Geometrical Interpretation of the Definite Integral

First we construct the graph of the integrand y = f(x) then in the case of f(x) ≥ 0 x [a, b], the integral is numerically equal to the area bounded by the curve y = f(x), the x-axis and the ordinates of x = a and x = b.

is numerically equal to the area of curvilinear trapezoid bounded by the given curve, the straight lines x = a and x = b, and the x-axis.

In general, represents an algebraic sum of areas of the region bounded by the curve y = f(x), the x-axis and the ordinates x = a and x = b.

The areas above the x-axis enter into this sum with a positive sign, while those below the x-axis enter it with a negative sign.

∴

where A1, A2, A3, A4, A5 are the areas of the shaded region.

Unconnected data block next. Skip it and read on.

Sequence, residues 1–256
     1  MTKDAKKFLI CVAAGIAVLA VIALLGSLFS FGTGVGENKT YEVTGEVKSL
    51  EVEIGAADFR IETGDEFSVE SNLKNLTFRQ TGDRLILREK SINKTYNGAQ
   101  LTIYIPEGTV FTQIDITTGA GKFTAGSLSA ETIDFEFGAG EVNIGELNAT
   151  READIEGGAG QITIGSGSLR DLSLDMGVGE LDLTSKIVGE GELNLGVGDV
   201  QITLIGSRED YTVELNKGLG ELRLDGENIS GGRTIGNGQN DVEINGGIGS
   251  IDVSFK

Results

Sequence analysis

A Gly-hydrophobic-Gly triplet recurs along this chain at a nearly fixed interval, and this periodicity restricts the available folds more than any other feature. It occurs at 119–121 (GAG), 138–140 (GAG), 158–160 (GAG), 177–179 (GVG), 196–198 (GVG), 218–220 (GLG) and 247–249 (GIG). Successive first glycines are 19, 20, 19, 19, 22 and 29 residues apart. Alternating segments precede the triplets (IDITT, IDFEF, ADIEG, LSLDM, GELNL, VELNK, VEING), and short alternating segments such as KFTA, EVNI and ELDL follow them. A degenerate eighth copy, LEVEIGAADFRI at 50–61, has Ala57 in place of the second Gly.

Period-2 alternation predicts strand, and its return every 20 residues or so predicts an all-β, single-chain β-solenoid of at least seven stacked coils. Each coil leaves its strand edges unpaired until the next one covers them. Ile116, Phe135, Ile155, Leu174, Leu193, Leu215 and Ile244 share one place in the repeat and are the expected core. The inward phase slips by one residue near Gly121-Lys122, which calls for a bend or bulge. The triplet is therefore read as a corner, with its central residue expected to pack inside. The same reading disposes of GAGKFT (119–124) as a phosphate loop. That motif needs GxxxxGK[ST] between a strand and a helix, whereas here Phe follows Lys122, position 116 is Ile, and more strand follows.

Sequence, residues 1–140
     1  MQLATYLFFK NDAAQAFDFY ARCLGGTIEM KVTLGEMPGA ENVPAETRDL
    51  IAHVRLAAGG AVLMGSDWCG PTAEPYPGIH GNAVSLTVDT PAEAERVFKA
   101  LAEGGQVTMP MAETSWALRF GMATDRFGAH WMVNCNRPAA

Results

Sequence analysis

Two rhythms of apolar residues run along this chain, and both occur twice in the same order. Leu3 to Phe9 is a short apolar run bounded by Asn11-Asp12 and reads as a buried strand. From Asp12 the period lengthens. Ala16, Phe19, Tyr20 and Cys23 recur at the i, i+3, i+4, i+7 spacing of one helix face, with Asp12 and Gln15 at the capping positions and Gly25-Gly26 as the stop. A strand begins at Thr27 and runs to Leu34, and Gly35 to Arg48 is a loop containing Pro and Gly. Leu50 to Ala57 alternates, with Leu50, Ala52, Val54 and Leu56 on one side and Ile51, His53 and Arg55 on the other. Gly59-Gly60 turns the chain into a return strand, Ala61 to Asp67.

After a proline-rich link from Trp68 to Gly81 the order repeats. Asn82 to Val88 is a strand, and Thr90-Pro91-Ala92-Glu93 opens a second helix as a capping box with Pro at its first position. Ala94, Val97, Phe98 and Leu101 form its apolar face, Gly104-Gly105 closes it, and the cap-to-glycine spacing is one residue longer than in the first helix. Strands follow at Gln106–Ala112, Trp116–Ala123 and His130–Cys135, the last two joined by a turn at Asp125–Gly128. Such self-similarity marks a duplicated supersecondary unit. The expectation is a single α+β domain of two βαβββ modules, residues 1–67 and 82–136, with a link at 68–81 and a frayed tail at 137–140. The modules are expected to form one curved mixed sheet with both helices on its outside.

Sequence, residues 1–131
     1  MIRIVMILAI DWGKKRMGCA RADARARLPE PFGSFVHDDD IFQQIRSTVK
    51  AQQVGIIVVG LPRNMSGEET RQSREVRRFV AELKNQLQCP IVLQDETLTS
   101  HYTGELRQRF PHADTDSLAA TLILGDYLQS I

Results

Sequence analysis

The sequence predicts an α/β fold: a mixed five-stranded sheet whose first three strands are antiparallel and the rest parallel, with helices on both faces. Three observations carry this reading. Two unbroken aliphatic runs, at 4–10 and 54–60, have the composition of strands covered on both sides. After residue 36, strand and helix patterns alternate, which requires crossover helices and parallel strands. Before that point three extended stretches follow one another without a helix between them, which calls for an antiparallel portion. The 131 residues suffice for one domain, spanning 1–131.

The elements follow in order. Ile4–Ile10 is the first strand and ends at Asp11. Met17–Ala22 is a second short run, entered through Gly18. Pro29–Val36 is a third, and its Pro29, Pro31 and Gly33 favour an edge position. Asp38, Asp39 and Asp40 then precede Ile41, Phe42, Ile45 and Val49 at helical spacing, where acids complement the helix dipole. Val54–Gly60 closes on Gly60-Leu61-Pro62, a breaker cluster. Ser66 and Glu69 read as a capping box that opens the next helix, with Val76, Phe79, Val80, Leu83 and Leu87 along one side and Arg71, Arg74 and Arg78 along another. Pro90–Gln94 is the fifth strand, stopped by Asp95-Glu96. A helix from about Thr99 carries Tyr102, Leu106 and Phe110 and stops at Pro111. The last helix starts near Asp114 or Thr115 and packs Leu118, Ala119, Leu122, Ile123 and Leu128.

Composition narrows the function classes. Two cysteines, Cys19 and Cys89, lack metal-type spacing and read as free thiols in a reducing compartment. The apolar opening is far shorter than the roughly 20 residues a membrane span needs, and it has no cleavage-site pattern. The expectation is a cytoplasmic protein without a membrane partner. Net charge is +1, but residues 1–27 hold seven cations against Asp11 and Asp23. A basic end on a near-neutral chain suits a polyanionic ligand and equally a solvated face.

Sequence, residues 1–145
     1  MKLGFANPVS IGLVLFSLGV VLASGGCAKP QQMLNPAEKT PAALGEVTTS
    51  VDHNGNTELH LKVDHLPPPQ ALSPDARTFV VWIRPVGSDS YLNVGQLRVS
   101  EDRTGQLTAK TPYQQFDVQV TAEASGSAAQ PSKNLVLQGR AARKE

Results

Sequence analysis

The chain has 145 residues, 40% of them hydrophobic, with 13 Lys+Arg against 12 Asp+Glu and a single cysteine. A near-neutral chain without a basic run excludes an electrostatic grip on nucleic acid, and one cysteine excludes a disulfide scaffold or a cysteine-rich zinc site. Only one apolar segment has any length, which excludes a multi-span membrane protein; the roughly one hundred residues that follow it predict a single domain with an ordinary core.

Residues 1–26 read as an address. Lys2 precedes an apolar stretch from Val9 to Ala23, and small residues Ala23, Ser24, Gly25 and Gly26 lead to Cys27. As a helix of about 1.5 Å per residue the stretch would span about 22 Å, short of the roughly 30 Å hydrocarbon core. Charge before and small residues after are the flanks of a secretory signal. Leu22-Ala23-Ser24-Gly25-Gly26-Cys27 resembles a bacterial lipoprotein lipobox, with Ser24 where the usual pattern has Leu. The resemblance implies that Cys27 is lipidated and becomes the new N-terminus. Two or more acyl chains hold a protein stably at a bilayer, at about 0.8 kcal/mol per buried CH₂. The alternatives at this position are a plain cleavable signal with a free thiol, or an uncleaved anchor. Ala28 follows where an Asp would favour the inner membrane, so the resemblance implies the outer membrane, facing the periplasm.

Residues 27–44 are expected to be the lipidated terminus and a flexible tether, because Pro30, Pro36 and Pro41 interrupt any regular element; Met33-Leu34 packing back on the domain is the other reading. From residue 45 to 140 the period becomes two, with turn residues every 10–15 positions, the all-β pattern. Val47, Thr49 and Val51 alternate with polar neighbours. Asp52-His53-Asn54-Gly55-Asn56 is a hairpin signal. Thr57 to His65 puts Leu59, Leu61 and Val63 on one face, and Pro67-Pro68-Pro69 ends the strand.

Properties of definite integrals

1. Change of dummy variable:

2. Interchanging limits:

3. Split of limits:

where c may lie inside or outside the interval [a, b]. This property to be useful when function is in piecewise definition for x (a, b) or when f(x) is discontinuous or non-differentiable at x = c.
4.

Important result

=

5. If f(x) is discontinuous at x = a, then
6. =
7. If f(t) is an odd function then φ(x) = is an even function
8. dx = ndx; where “T” is the period of the function and n I, i.e., f(x + T) = f(x)
9. f(x) dx = (nm) f(x) dx, where “T” is the period of the function and m, n I
10. f(x) dx = where “T” is the period of the function and n I